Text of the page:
Playwright Murray Schisgal, who received 1965 Tony nominations for the absurdist comedy Luv—his Broadway debut, passed away October 1 at the age of 93.
Born Murray Joseph Schisgal November 25, 1926, in Brooklyn, New York, he attended Long Island University and later Brooklyn Law School. After practicing law and subsequently teaching high school English, he first achieved success as a writer in 1961 in London with three one-acts, followed by a double bill of The Typists and The Tiger Off-Broadway in 1963 starring Eli Wallach and Anne Jackson.
Wallach and Jackson—joined by Alan Arkin—also starred in Mr. Schisgal’s Luv, which marked his Broadway debut, opening November 11, 1964, at the Booth Theatre under the direction of Mike Nichols. The production was nominated for five Tony Awards, winning for Best Scenic Design, Best Direction of a Play, and Best Producer of a Play. The playwright received nominations for both Best Play and Best Author (Play). A film version, written by Mr. Schisgal and Elliott Baker, premiered in 1967, starring Jack Lemmon, Peter Falk, and Elaine May.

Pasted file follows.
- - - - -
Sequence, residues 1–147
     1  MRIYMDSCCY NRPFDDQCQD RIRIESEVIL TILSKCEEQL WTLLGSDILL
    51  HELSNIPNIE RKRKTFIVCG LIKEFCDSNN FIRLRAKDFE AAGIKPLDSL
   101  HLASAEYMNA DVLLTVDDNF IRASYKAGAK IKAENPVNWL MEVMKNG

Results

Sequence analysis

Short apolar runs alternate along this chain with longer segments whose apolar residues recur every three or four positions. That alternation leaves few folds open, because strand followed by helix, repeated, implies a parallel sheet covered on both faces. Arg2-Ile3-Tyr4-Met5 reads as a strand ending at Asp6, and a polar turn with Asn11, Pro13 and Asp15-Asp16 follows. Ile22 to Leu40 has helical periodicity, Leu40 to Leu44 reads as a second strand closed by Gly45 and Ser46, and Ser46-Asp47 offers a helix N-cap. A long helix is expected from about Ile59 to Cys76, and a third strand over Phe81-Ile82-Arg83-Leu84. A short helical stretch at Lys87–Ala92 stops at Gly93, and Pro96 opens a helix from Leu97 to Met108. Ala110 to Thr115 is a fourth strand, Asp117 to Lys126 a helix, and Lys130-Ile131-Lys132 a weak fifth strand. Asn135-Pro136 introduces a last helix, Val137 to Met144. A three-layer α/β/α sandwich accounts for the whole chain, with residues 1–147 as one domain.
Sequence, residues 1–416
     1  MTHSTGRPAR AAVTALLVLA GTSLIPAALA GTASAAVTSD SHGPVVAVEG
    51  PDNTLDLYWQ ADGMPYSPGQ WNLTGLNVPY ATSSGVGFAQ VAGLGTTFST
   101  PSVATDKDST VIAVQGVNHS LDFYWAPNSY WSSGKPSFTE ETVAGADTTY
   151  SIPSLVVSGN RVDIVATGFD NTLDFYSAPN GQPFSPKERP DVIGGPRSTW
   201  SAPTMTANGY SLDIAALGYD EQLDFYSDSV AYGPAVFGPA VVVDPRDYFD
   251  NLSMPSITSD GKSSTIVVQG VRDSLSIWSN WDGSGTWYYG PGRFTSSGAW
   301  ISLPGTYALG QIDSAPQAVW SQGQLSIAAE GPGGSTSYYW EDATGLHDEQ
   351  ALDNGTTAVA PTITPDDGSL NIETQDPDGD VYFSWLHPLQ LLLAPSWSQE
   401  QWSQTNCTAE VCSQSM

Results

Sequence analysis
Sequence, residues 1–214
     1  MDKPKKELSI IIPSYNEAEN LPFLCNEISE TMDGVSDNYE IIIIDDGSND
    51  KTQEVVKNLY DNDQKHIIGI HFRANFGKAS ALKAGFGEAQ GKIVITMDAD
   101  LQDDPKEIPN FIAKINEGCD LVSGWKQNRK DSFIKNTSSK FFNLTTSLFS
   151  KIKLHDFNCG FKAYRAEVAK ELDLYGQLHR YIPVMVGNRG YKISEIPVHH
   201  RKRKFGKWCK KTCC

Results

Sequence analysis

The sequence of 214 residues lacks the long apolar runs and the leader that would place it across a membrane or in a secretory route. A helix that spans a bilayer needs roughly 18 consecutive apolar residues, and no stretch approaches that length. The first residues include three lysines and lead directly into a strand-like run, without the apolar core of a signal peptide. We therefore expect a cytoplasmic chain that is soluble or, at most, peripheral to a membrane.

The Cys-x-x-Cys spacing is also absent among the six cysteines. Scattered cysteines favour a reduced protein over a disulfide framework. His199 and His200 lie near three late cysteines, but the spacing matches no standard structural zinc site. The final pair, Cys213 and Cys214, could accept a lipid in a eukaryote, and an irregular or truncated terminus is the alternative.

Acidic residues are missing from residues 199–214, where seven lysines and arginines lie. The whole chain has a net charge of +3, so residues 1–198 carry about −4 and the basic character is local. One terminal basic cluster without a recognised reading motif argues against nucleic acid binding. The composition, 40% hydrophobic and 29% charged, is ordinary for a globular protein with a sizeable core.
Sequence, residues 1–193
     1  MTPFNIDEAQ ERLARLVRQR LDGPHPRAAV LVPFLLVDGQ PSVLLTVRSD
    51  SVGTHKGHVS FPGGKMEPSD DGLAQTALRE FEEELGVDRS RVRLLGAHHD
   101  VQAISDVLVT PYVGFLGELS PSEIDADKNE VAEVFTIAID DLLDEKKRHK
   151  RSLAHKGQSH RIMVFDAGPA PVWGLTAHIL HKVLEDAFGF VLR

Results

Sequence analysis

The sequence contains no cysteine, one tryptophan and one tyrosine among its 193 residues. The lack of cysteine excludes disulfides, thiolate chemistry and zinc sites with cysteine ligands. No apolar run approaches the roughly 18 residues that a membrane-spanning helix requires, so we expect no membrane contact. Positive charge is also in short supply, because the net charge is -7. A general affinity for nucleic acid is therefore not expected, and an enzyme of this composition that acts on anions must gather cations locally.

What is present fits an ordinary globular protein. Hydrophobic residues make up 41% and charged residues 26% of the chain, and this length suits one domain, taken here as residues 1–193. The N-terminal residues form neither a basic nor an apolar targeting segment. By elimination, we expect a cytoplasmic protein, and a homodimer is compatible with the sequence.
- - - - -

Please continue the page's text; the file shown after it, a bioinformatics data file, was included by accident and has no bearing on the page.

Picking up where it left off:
Mr. Schisgal's other works produced on Broadway include Jimmy Shine (1968), The Chinese and Dr. Fish (1970), An American Millionaire (1974), All Over Town (1974), and Twice Around the Park (1982).
Although Mr. Schisgal also adapted The Tiger for the silver screen—1967's The Tiger Makes Out with Wallach, Jackson, and Bob Dishy—his biggest screen success was the blockbuster Tootsie, which he co-wrote with Larry Gelbart and Don McGuire. Dustin Hoffman, who had previously starred in the title role of Mr. Schisgal's Jimmy Shine, was nominated for a 1983 Academy Award for his performance, while Schisgal, Gilbert, and McGuire were nominated for Best Writing, Screenplay Written Directly for the Screen. Mr. Schisgal was not, however, involved with the 2019 Broadway musical based on the film.
Mr. Schisgal's later works include Slouching Toward the Millennium, three one-acts that examine the battle of the sexes; Angel Wings, a farce about a philandering businessman who finds himself in hot water in the afterlife when God is revealed to be a woman; and We Are Family, about Sam Kogan, who believes his inability to keep a relationship with a woman means he is gay and moves back to his old neighborhood to test his theory on his two best friends.
Mr. Schisgal is survived by son Zach Schisgal, daughter Jane Schisgal, sister Diane Troy, and four grandchildren. His wife Reene passed away in 2017.